Nonetheless, there was evidence from which the jury could have inferred that, as part of the practice of charting by exception, the nurses did not regularly record certain information important to the diagnosis of an infection, such as the changing characteristics of the surgical wound and the patient's complaints of post-operative pain. Indeed, one former nurse at the Hospital who attended to Romero in 1986 testified that, under the charting by exception policy, she would not report a patient's pain if she either did not administer any medicine or simply gave the patient an aspirin-type medication (as opposed to a narcotic). Further, since there was evidence that Romero's hospital records contained some scattered possible signs of infection that, according to Dr. Udvarhelyi, deserved further investigation (e.g., an excessively bloody bandage and local pain at the site of the wound), the jury could have reasonably inferred that intermittent charting failed to provide the sort of continuous danger signals that would be the most likely spur to early intervention by a physician.

The Hospital claims, however, that, even if faulty record-keeping is a cause of the delayed diagnosis, plaintiffs failed to demonstrate a link between the timing of the diagnosis and the harm Romero eventually suffered. Drawing all inferences in favor of the plaintiffs, it appears that Romero acquired a wound infection as early as May 17 (when a nurse noted a "very bloody" bandage) or May 19 (when Romero complained of pain at the site of the wound); the wound infection then developed into discitis on or about May 20 (when Romero began experiencing excruciating back pain). While there may have been no way to prevent the initial wound infection, the key question then becomes whether early detection and treatment of the wound infection could have prevented the infection from reaching the disc interspace in the critical period prior to May 20.

Dr. Udvarhelyi testified that "time is an extremely important factor" in handling an infection; a 24 hour delay in treatment can make a difference; and a delay of several days "carries a high-risk [sic] that the infection will [not be] properly controlled." Here, the jury could have reasonably inferred that diagnosis and treatment were delayed at least 24 hours (May 19 to 20), and perhaps 72 (May 17 to 20). As a result, the jury could have reasonably concluded that the timing of the diagnosis and treatment of the wound infection was a proximate cause of Romero's discitis.

In Conclusion, we agree with the district Judge that this case "is by no means the strongest proposition for medical malpractice against . . . a hospital," Romero Lama, slip op. at 3. Nevertheless, we find none of the Hospital's arguments persuasive enough to disturb the verdict. We hold that plaintiffs met their burden of proof as to the allegation that the Hospital's substandard record-keeping procedures delayed the diagnosis and treatment of Romero's wound infection at a time when controlling the wound infection was likely to prevent the development of the more serious discitis. Accordingly, there was no error in the district court's denial of the Hospital's Rule 50(b) motion for judgment as a matter of law.



There is no need to discuss defendants' other assignments of error.12 For the foregoing reasons, the order of the district court denying defendants' motions for judgment as a matter of law and the Borras Defendants' motions for new trial is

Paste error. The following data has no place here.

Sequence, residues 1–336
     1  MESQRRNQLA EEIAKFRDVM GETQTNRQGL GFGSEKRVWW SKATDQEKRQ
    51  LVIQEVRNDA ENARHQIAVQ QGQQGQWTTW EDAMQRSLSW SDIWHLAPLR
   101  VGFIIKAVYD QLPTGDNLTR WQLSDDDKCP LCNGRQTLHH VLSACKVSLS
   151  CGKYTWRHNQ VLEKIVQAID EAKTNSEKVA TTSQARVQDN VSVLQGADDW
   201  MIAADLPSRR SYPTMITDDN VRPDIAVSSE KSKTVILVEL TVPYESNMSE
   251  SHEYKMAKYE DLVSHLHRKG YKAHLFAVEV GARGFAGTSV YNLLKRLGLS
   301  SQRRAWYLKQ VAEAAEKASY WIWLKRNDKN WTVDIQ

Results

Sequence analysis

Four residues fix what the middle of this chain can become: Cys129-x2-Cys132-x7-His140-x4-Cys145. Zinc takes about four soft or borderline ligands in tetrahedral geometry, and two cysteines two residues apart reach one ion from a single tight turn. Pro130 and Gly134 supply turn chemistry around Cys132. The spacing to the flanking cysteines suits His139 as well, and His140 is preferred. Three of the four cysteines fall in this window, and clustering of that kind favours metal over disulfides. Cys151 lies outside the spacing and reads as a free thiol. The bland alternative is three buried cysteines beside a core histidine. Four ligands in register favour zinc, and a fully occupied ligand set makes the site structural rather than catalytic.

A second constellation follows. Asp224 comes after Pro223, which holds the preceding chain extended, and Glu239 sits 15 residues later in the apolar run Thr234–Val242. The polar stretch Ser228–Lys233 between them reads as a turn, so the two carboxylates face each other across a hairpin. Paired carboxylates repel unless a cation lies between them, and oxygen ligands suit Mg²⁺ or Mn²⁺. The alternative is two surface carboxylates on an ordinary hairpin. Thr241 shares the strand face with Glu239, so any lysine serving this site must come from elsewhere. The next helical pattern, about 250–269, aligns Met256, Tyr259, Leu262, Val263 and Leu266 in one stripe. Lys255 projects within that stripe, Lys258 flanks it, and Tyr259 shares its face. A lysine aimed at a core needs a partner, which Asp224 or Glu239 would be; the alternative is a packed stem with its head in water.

1. In addition to Dr. Borras, his wife and their conjugal partnership were also named as defendants. We refer to these three parties collectively as "the Borras Defendants."

2. Corporacion Insular de Seguros, Dr. Borras' insurer, was also found liable but is not a party to this appeal.

3. Notwithstanding the "charting by exception" policy, nurses regularly recorded routine quantitative data such as the patient's body temperature. Romero apparently did not develop a fever (another possible sign of infection) until May 21.

4. In addition to the Borras Defendants and the Hospital, plaintiffs named as defendants several other physicians, as well as their spouses and insurers. The district court granted summary judgment in favor of the other defendants and that decision is not at issue in this appeal.

5. We do not directly address the merits of the Borras Defendants' pre-verdict challenges to the sufficiency of the evidence. The Borras Defendants' attack on the denial of summary judgment has been overtaken by subsequent events, namely, a full-dress trial and an adverse jury verdict. In these circumstances, we will not address the propriety of the denial of summary judgment. See Whalen v. Unit Rig, Inc., 974 F.2d 1248, 1250 (10th Cir. 1992), cert. denied, 122 L. Ed. 2d 787, 113 S. Ct. 1417 (1993); Bottineau Farmers Elevator v. Woodward-Clyde Consultants, 963 F.2d 1064, 1068 n.5 (8th Cir. 1992); Jarrett v. Epperly, 896 F.2d 1013, 1016 & n.1 (6th Cir. 1990); Holley v. Northrop Worldwide Aircraft Servs., Inc., 835 F.2d 1375, 1378 (11th Cir. 1988) ("[A] party may not rely on the undeveloped state of the facts at the time [the party] moves for summary judgment to undermine a fully-developed set of trial facts which militate against [the party's] case."); Locricchio v. Legal Servs. Corp., 833 F.2d 1352, 1358-59 (9th Cir. 1987); Glaros v. H.H. Robertson Co., 797 F.2d 1564, 1573 (Fed. Cir. 1986), cert. dismissed, 479 U.S. 1072 (1987). But see Trustees of Indiana Univ. v. Aetna Casualty & Sur. Co., 920 F.2d 429, 433 (7th Cir. 1990) (addressing denial of summary judgment even after an adverse jury verdict). Were we to consider the issue, we would find the Borras Defendants' position to be without merit. For similar reasons, we do not separately address the district court's denial of the Borras Defendants' Rule 50(a) motion for judgment as a matter of law, which is either non-appealable at this stage or resolved by our affirmance of the denial of defendants' Rule 50(b) motions. See Locricchio, 833 F.2d at 1356 n.2.